I am currently working on a book about the links between various areas of
"systems approach", or whatever we may call it, and broadly
defined security. So I also had to read something on applications
of thermodynamic models in social sciences.
As to avoid any misunderstandings, I graduated in physics and in
management. I am a kind of "former physicist" but it helps me in
uderstanding the sense of the problems. In case of difficulties, I can
always ask my Colleagues who are physicists.
Applications of thermodynamics in studying society is a very
well-known issue. All depends how we define social system.
If we use "tangible models", thus attempts to find entropy, equilibrium,
no-equilibrium, dissipative structures, etc. can bring some results.
The main problem is that broadly understood "social systems" are mental
and linguistic constructs. So we are affected by the participant-observer
Thus we enter the applications of metaphors and/or analogies,
or, in other words, linguistic variables. In my approach I prefer a
moderate version of constructivism.
In such case writing that a social system is in a far-from-equilibrium
state is but another narrative which could be affected by reification of
In my opinion such a "scientistic" language has been immensely abused by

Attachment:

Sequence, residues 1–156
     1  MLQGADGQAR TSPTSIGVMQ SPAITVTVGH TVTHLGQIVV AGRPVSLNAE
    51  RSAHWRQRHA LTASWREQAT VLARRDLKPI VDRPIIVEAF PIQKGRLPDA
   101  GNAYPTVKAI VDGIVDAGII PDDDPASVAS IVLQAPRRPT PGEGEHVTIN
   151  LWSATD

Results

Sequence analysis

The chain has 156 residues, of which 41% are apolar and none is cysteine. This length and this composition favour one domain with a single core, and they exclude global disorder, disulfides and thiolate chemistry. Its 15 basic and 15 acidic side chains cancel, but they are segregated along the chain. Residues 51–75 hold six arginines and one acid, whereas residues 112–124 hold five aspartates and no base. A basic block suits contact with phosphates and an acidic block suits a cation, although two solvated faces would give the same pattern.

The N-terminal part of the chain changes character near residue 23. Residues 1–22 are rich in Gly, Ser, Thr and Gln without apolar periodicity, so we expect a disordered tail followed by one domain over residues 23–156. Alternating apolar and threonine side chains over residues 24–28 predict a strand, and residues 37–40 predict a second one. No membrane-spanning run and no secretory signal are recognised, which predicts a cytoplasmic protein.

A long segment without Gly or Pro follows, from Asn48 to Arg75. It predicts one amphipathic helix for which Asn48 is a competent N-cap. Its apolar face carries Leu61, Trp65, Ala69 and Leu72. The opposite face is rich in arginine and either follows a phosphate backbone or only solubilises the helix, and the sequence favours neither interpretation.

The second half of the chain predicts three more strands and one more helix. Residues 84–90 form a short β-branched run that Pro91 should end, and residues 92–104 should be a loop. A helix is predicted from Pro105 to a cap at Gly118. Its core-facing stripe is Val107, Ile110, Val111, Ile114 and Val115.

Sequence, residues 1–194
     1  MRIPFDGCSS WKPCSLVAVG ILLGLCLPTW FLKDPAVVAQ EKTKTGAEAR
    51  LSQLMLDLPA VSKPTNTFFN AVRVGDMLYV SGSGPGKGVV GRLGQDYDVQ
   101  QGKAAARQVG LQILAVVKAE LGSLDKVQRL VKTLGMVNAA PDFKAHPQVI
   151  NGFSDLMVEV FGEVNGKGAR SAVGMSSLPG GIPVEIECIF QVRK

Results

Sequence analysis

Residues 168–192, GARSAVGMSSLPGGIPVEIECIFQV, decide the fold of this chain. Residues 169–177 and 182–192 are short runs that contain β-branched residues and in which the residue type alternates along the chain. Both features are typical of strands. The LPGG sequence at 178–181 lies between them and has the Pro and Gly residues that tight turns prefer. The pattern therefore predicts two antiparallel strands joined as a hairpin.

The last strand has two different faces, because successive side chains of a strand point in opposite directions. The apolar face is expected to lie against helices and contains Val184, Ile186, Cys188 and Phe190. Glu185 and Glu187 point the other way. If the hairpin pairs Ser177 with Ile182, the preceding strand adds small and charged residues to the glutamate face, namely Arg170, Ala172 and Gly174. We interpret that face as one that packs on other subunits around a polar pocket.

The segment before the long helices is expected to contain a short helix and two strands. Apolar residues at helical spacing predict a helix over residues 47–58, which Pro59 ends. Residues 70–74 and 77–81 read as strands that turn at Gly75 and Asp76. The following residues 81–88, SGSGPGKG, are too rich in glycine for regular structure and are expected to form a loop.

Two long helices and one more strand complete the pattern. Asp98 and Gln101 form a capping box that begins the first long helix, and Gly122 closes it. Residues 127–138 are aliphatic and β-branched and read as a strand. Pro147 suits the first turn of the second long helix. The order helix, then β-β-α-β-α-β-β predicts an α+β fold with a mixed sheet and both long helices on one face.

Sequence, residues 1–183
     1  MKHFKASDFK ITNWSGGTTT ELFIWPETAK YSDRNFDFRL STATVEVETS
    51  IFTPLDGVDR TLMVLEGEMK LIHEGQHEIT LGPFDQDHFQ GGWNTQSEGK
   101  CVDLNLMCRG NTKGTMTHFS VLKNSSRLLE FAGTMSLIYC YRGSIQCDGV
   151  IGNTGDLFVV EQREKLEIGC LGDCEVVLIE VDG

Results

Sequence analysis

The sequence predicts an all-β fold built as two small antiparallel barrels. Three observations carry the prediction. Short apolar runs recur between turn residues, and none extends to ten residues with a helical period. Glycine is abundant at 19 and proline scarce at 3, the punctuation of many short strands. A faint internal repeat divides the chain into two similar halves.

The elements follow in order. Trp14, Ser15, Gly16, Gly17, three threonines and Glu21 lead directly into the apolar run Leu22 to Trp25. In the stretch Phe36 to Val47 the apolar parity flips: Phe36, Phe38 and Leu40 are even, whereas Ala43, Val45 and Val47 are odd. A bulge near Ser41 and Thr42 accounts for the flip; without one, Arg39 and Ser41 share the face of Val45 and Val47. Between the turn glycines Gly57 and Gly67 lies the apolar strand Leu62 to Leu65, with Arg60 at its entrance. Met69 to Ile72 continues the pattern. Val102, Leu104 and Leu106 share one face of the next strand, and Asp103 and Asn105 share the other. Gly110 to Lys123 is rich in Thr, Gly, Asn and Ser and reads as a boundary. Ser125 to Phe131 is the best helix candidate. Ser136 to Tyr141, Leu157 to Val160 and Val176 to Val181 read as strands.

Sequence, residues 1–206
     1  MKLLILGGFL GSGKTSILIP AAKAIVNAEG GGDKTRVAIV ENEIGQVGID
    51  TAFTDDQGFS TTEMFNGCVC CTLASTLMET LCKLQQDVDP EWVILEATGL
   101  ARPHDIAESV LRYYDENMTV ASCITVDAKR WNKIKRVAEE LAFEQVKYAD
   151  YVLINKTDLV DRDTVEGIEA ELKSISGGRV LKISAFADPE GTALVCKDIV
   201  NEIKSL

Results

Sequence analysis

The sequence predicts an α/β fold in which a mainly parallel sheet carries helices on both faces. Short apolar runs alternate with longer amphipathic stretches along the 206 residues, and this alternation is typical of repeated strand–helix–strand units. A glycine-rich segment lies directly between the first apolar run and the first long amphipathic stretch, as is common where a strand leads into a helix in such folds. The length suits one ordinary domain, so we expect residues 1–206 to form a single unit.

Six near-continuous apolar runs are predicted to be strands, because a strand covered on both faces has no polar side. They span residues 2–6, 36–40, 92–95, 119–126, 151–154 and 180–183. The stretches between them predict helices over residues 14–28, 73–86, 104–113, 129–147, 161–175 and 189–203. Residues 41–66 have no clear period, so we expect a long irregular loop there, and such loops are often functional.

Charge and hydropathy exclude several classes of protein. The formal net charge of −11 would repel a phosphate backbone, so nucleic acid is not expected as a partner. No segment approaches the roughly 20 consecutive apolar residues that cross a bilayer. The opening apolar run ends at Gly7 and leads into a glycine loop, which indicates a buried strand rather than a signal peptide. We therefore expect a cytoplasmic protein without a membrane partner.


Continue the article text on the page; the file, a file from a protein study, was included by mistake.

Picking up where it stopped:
social scientists who do not know physics and by people coming from "hard
science", who some day discover that their models can be used for
studying, or sometimes, even saving, society/humanity.
I have even a hypothesis that using in social studies such terms as chaos,
complexity, turbulence affects the minds at archetypical/subconscious
level. It's my simplified explanation why studies referring to those
ideas attract so much attention.
It's a very old problem although not so trivial.
For example, one of the challenges of modern economic thought is to
assess to what extent economic ideas drawing on 18th and 19th century
mechanics (equilibrium, stability, etc.), could be applied in modern economic
theory and practice.
I am sorry, but I cannot get involved too often in the discussion. I am
busy writing about some of the issues discussed here.
Regards, Czeslaw Mesjasz
Assoc. Prof. dr hab. Czesław Mesjasz
Cracow University of Economics
ul. Rakowicka 27
Tel: +48-12-293-56-19; Fax: +48-12-293-50-67
e-mail: [log in to unmask]
For more information go to: www.metaphorum.org
For the Metaphorum Collaborative Working Environment (MCWE) go to: www.platformforchange.org
METAPHORUM eList Archive available at - https://listserv.heanet.ie/ucd-staffordbeer.html
Archive of CYBCOM eList available at - http://hermes.circ.gwu.edu/archives/cybcom.html